DETROIT — A family that claimed a Vincent van Gogh painting at a Detroit museum rightfully belonged to them since it was sold during the Nazi era lost their case because they waited too long to sue.

Martha Nathan, a member of a notable banking family who emigrated from Germany to France in 1937 to escape Nazi persecution, sold the Van Gogh to a consortium of three Jewish art dealers in Paris in 1938 for $9,360. One of the dealers sold the picture for $34,000 in 1941 to Detroit art collector Robert Tannahill.

The Detroit Institute of Arts received the painting, called “Les Becheurs,” as a bequest from Tannahill in 1969.

In 2004, Nathan’s relatives sought to claim the painting. In an order released Saturday, U.S. District Judge Denise Page Hood cited the expiration of Michigan’s statute of limitations and dismissed the claims.

A parallel dispute between Nathan’s heirs and the Toledo Museum of Art over a Gauguin painting was similarly dismissed by an Ohio judge in December.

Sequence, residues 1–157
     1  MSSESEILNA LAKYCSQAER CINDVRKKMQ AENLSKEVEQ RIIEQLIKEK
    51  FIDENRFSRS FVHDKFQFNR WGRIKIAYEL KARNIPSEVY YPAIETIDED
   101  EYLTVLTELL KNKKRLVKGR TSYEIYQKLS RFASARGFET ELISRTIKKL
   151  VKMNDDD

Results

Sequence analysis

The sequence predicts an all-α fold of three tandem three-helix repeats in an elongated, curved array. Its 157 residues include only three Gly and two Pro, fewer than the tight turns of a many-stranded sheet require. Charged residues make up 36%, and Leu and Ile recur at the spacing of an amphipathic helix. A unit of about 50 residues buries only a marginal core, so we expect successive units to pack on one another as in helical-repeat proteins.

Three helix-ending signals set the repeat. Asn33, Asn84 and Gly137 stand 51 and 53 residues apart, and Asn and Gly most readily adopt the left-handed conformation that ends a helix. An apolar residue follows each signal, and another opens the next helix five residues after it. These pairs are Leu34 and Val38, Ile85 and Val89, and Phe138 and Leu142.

“It’s tremendous relief,” Detroit Institute of Arts Director Graham Beal said. “You always fear the worst, and while we felt we had the strongest possible case, and we wouldn’t have taken our stand if we hadn’t felt so strongly, it’s still a great relief to know that this is finished.”

Detroit Institute of Arts


Operations Manager at Bad at Sports
Christopher Hudgens is the Operations Manager for BaS and works in various other capacities for other organizations in the Chicago Art & Culture scene. Most recently as Business Operations Manager for the Bridge Art Fair and currently an advocate for all things art & technology.

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